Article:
OKMULGEE, Oklahoma – The MCN Election Board partnered with Rock the Native Vote to promote voter registration and educate the Muscogee people on the importance of voting on June 2, the anniversary of the Indian Citizenship Act.
Guest Speakers included Principal Chief David Hill, Second Chief Del Beaver, Speaker Will Lowe, College of Muscogee Nation President Dr. Monte Randall, Veteran Affairs Director Grover Wind, and other speakers.
Those in attendance learned about the legal structures adopted almost a century ago that would finally ensure Native Americans were recognized as citizens of the U.S. when Congress enacted the Indian Citizenship Act.
Even as recognized citizens and natural citizens of the land, some states still barred Natives from voting and highly governed their citizenship rights.
Ironically, the anniversary fell in line with this year’s state voter registration deadline on June 3.
Lady Legend’s member Barbara O’Neil works with the non-profit organization with the hope of educating tribal members and assisting them in registering to increase the voting numbers of Native Americans.
O’Neil and other Rock, the Native Vote organization members, traveled across the state to tribal nations at every opportunity possible to increase that number.
Of the 9.6 million Native Americans living in the U.S., more than 78 percent live off-reservation and lack a collective voice, according to data provided by the organization.
She claims that she comes across many elders that have gone their whole lives without placing a vote in state elections insinuating that it had been instilled in them through their parents that it was “a white man’s thing.”
“A lot of them just never registered because of that,” O’Neil said.
Within the first hour alone, O’Neil had already registered six Muscogee citizens in the state-voting registry.
The MCN Election Board was also present to register potential voters in the MCN voting registry.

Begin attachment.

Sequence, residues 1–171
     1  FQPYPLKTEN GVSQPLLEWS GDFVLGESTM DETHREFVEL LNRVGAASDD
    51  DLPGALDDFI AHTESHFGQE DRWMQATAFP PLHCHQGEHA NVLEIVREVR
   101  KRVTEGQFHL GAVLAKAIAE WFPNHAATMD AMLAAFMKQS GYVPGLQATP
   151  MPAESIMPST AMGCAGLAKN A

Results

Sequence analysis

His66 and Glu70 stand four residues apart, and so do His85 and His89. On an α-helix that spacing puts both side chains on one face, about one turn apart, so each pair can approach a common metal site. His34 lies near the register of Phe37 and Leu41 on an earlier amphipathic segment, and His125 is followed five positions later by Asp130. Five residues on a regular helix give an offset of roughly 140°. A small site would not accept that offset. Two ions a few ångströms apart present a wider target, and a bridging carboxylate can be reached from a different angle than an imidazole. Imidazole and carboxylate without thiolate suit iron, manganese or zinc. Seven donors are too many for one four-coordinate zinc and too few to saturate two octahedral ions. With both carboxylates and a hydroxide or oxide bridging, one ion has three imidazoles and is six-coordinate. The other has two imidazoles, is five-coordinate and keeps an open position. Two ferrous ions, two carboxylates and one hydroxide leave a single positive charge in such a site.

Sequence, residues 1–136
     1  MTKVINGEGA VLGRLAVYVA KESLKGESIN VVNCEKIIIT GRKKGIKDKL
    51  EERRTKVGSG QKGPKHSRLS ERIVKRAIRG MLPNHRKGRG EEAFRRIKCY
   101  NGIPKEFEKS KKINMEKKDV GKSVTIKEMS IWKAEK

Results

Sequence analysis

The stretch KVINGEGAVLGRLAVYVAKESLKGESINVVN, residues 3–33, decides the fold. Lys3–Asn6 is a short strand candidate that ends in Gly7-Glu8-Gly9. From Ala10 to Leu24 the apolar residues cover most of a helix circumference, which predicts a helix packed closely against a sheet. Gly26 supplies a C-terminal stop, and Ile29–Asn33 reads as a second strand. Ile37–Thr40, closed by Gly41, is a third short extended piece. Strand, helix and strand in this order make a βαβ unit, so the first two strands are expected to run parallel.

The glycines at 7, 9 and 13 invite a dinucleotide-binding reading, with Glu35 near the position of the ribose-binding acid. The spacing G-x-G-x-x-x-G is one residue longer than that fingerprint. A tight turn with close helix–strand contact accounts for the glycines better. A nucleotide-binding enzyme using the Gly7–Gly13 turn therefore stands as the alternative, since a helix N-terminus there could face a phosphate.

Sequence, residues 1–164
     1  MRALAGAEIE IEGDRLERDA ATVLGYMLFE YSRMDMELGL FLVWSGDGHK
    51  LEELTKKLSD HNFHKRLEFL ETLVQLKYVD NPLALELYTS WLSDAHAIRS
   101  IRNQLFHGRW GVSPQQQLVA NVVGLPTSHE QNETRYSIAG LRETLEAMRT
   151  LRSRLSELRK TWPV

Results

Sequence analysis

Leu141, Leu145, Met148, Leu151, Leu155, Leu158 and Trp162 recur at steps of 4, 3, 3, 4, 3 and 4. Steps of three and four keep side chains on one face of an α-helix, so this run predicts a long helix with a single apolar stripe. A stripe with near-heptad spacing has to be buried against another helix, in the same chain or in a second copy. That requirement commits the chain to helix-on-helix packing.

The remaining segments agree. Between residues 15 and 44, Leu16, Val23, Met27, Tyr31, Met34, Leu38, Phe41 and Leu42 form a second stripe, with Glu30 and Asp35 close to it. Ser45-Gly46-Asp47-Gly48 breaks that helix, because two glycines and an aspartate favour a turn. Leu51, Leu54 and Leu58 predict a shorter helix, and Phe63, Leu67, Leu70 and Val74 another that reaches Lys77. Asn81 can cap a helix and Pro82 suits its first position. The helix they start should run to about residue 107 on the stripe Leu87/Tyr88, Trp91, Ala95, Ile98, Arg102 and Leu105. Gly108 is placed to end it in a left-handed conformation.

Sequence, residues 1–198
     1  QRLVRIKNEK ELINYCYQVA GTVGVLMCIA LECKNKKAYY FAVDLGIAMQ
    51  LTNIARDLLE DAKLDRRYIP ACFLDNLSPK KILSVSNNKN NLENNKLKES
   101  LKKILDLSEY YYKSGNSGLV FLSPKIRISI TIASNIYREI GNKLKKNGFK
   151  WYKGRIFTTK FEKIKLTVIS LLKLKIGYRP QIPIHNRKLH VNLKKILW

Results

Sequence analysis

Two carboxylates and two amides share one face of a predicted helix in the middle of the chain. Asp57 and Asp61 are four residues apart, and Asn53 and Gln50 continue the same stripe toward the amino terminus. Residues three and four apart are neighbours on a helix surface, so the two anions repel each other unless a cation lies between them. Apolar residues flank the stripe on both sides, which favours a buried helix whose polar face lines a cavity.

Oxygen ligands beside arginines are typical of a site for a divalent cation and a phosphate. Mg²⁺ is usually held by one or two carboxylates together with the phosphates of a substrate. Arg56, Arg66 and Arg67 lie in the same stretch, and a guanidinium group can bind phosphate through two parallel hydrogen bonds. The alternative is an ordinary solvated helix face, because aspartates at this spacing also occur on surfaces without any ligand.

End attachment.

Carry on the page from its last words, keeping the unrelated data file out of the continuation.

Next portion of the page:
According to O’Neil, 12-14 citizens become newly registered voters through this event, with an average of 3-4 new registrants with the election board.
More than just registering citizens, the organization’s mission is to supply the communities with accurate information about the candidates.
“We want Native Americans to know how important it is,” she said.
O’Neil has been with the organization just a year, and she has realized the number of people that do not participate in voting.
“It does matter,” she said. “If you are 18 and you can vote, you need to vote.”
Voters should take some time to review candidates before voting, O’Neil said.
She recommends being aware of tribal affiliation status, looking into what bills the candidate supports, and researching organization memberships.
According to O’Neil, there are two questions to ask about each candidate.
“What can they offer us and what can they do to help us as Muscogee (Creek)’s,” O’Neil said.
She said the state’s current administration is a prime example of why Indigenous Voices need to make their voices heard.
“Our ancestors couldn’t vote,” O’Neil said. “We need to be voting for us now and our future.”
Rock the Native Vote is a non-partisan and non-profit organization funded by the National Urban Indian Family Coalition, formed in 2002.
For additional resources, visit Rock the Native Vote on Facebook online, or call the MCN Election Board at 918-732-7630.
Mvskoke Media is colaborated with NonDoc and News on 6 to help keep voters informed about the candidates running for the Republican nomination in Oklahoma’s 2nd Congressional District. Watch the debate day, titled Congressional Confessional on Mvskoke Media Youtube.
“Our ancestors couldn’t vote,” Lady Legends and Rock the Native Vote Advocate Barbara O’Neil said. “We need to be voting for us now and our future.”